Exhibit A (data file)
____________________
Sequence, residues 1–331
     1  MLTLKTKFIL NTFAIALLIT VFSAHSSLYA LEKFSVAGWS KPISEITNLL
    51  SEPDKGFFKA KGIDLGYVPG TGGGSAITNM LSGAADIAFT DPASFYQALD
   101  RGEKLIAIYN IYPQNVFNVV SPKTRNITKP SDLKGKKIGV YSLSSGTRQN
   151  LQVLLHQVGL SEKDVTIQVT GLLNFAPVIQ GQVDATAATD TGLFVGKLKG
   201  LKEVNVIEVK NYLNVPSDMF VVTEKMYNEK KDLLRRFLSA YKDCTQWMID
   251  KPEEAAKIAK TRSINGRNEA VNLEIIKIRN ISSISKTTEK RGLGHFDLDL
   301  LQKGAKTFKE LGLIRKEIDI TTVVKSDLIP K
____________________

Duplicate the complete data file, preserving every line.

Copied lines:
Sequence, residues 1–331
     1  MLTLKTKFIL NTFAIALLIT VFSAHSSLYA LEKFSVAGWS KPISEITNLL
    51  SEPDKGFFKA KGIDLGYVPG TGGGSAITNM LSGAADIAFT DPASFYQALD
   101  RGEKLIAIYN IYPQNVFNVV SPKTRNITKP SDLKGKKIGV YSLSSGTRQN
   151  LQVLLHQVGL SEKDVTIQVT GLLNFAPVIQ GQVDATAATD TGLFVGKLKG
   201  LKEVNVIEVK NYLNVPSDMF VVTEKMYNEK KDLLRRFLSA YKDCTQWMID
   251  KPEEAAKIAK TRSINGRNEA VNLEIIKIRN ISSISKTTEK RGLGHFDLDL
   301  LQKGAKTFKE LGLIRKEIDI TTVVKSDLIP K